Leon Benoit Conservative Vegreville—Wainwright, AB

Mr. Chair, something has been very disappointing about the way the government has handled this whole process of taking our troops out of the Kabul area and moving them into Kandahar where it is even more dangerous, as we have seen recently with the car bombings that have killed soldiers in the area, without any explanation to the Canadian public or Parliament as to why that change was made.

Here we are having this debate in the House today and yet the minister has not given the most basic explanation to Parliament and to the Canadian public as to why the government has made this change. I would really appreciate if the minister would take this opportunity to explain finally why the government has taken this decision.

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7:20 p.m.


Pierre Pettigrew Liberal Papineau, QC

Mr. Chair, my colleague the Minister of National Defence, who has kindly agreed that I open these discussions tonight because I have some other obligations, will deal with this more extensively.

I want to reassure the member that this is the reason why we are having this debate tonight. We will begin discussing this issue. This is a realignment of our presence in Afghanistan following our commitment of a few years ago, and in deep discussions with our international partners in NATO and with the other countries that are involved there.

We discussed who should do what in Afghanistan. We distributed the roles among ourselves. It was thought that Canada could do the best job there. The Minister of National Defence will have the opportunity to explain this more extensively.

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7:20 p.m.


Gordon O'Connor Conservative Carleton—Lanark, ON

Mr. Chair, I am pleased to speak on the matter of our commitment to Afghanistan. The Conservative Party believes that political disputes should be resolved by negotiation and compromise, and therefore we oppose any use of terrorism, whether it is national or international. In particular, we believe that international terrorism must be opposed wherever possible because it is in our national interest. It threatens our values and our society.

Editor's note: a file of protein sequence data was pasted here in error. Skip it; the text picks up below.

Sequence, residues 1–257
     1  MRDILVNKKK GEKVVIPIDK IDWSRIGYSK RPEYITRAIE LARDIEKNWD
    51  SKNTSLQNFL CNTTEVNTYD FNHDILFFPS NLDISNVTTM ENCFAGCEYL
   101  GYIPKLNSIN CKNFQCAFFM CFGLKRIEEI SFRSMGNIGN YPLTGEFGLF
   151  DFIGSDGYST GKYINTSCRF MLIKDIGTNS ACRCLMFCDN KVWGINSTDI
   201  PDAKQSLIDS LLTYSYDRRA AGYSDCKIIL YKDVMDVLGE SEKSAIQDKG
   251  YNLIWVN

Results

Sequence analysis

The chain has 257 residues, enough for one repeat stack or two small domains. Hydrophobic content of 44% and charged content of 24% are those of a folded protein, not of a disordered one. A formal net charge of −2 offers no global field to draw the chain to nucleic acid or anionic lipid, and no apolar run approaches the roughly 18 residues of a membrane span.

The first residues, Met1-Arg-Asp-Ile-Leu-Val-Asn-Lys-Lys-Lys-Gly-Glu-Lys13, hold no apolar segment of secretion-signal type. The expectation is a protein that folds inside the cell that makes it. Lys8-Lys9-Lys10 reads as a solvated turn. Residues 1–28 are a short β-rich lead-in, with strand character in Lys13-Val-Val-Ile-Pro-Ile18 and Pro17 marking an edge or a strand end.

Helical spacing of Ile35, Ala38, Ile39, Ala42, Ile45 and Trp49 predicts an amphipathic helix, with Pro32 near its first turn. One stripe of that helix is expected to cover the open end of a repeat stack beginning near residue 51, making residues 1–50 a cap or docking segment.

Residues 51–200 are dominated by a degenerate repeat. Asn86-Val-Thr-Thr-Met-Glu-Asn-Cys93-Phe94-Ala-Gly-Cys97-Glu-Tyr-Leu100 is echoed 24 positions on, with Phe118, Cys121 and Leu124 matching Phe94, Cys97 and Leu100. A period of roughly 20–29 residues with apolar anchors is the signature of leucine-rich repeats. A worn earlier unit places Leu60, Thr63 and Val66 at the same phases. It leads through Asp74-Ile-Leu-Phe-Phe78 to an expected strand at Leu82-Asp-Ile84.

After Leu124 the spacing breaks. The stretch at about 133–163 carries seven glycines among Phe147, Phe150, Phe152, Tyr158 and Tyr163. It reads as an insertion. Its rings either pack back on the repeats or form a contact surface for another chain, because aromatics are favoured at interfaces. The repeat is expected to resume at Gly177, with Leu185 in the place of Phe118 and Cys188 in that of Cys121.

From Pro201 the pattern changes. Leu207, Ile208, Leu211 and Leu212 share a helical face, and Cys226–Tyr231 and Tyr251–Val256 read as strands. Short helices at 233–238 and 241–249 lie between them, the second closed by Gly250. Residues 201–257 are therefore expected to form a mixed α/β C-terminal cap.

Conservatives believe that Canada must oppose international terrorism, not only through use of military force but also diplomacy, international assistance and the promotion of democratic values. By combining our efforts with those of other democracies, we can overcome the scourge of international terrorism.

The terrorists who bombed the twin towers in New York were trained in Taliban run camps in Afghanistan. Twenty five of the victims were Canadians and therefore an attack on the towers was an attack on us. Almost immediately after the attack the United States declared that it would move against the terrorist camps in Afghanistan. Canada joined the coalition that entered Afghanistan, overthrew the Taliban government, and moved quickly to eliminate the international terrorist camps.

It was certainly appropriate and justified for Canada to send troops to assist in the overthrow of the Taliban regime. The battalion group we committed operated in the Kandahar area. Its function was to seek out and eliminate terrorists and insurgents who were located in the geographic area. As expected, our soldiers' performance was outstanding and helped to bring a degree of law and order to the Kandahar area. Although there were no direct battle casualties, tragically four soldiers were killed by friendly fire. Once the troops had accomplished their mission, the battalion group was withdrawn to Canada.

This initial commitment to fight the Taliban was made in response to an attack on our citizens, not to assist the failing state. Had we not been attacked, it seems unlikely that we would be in Afghanistan today since none of our national interests were involved until we were provoked. While we were committing a battalion group to the combat role in the Kandahar area, another battalion group was sent into the Kabul area as a peacekeeping force to protect the capital and the provisional government.

When we withdrew the battalion group from the Kandahar area, the government of Afghanistan asked us to remain in the capital to help further stabilize the situation. Canada agreed. This was a sensible decision as no civilized society wants the return of the Taliban government. The risk attached to this important role was clearly demonstrated when two of our soldiers were killed when their unarmed vehicles hit a mine.

Recently, the government announced that our commitment to Afghanistan would change again. The Canadian Forces would abandon Kabul and move into the Kandahar area, the heartland of the Pathan, the major supporters of the Taliban. The new commitment involves three elements: a provincial reconstruction team, a task force headquarters and a battalion group.

The provincial reconstruction team will have the role of supporting the local government and police force to reinforce law and order in the Kandahar area. The task force will command the multinational battle groups located in the south of Afghanistan while the battle group will seek out terrorists or insurgents and eliminate them. Let there be no doubt, this force will be involved in a combat role, not a peacekeeping role.